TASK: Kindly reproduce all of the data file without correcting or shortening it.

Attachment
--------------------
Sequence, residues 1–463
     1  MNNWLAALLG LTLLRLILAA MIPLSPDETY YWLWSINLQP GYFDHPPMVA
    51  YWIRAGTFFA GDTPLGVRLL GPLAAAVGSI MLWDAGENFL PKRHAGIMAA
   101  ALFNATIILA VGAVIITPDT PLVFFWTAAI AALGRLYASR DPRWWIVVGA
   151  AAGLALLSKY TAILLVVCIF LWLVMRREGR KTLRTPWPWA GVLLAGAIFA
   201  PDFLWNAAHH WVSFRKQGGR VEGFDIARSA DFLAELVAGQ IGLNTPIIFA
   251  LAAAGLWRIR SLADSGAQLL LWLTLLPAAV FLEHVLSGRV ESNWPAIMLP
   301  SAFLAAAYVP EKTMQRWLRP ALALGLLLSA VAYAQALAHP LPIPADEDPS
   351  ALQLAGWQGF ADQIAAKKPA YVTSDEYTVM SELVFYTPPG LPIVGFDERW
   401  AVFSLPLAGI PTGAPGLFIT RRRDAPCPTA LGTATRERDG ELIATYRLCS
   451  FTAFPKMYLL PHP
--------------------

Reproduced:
Sequence, residues 1–463
     1  MNNWLAALLG LTLLRLILAA MIPLSPDETY YWLWSINLQP GYFDHPPMVA
    51  YWIRAGTFFA GDTPLGVRLL GPLAAAVGSI MLWDAGENFL PKRHAGIMAA
   101  ALFNATIILA VGAVIITPDT PLVFFWTAAI AALGRLYASR DPRWWIVVGA
   151  AAGLALLSKY TAILLVVCIF LWLVMRREGR KTLRTPWPWA GVLLAGAIFA
   201  PDFLWNAAHH WVSFRKQGGR VEGFDIARSA DFLAELVAGQ IGLNTPIIFA
   251  LAAAGLWRIR SLADSGAQLL LWLTLLPAAV FLEHVLSGRV ESNWPAIMLP
   301  SAFLAAAYVP EKTMQRWLRP ALALGLLLSA VAYAQALAHP LPIPADEDPS
   351  ALQLAGWQGF ADQIAAKKPA YVTSDEYTVM SELVFYTPPG LPIVGFDERW
   401  AVFSLPLAGI PTGAPGLFIT RRRDAPCPTA LGTATRERDG ELIATYRLCS
   451  FTAFPKMYLL PHP